Office of the Surgeon General
March 26, 1919
Circular Letter No. 156
Subject: Museum Specimens (Gas Lesions).
1. It is desired to obtain gross and microscopical specimens from cases who have lived for a considerable time after being gassed. There are now in hospitals many of these soldiers suffering in some cases from the results of this gassing, and also from various other condition.
2. Considerable material has been collected from acute lesions in man and in animals, and a certain amount of material is available showing the subsequent lesions in animals, but no specimens have been received from human sources which can be used to study the final changes and determine what, if any, permanent alterations result from exposure to the gas.
3. Should autopsies occur in any case giving a history of having been gassed, specimens will be carefully preserved and sent to the Army Medical Museum, even though there is apparently no change in the organs referable to the previous gassing. The respiratory tract is most important but blocks of tissue should be sent from each organ. A careful history and protocol will accompany the specimens.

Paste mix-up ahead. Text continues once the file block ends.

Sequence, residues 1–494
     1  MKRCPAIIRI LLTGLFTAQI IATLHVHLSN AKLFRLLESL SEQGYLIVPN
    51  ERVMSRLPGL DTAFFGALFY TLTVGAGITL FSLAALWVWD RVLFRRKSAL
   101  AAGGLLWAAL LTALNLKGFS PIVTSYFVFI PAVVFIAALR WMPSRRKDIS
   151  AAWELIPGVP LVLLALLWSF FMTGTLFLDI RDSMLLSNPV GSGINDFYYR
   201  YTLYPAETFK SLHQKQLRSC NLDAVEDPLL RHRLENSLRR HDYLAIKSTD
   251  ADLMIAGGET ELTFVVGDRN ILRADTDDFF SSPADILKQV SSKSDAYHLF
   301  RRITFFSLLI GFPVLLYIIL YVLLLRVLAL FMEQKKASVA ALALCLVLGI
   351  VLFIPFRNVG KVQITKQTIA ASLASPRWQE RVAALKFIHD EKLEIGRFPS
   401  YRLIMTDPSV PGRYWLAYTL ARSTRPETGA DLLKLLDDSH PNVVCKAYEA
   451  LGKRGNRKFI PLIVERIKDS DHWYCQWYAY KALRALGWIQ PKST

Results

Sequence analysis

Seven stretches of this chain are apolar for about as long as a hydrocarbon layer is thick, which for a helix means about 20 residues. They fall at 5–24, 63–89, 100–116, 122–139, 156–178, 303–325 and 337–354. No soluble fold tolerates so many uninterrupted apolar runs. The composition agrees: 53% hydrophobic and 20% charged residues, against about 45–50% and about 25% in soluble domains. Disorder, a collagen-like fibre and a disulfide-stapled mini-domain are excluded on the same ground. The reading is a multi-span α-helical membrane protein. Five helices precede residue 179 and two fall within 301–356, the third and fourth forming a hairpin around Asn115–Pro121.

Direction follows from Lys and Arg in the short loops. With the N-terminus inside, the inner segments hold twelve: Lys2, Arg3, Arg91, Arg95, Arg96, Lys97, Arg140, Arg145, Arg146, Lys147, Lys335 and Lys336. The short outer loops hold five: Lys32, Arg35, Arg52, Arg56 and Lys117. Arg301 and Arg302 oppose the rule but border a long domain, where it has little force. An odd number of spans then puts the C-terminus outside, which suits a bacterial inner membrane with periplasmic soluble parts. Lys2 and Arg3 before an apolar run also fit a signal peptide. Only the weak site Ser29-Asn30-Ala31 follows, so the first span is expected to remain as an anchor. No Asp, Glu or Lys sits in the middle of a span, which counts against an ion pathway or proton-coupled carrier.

By direction of the Surgeon General:
Colonel, Medical Corps, USA,
Surgeons, Ports of Embarkation,
Commanding Officers, all Base & General Hospitals,
Commandant, Army Medical School,
The Chief Surgeon, S.O.S. American expeditionary Forces.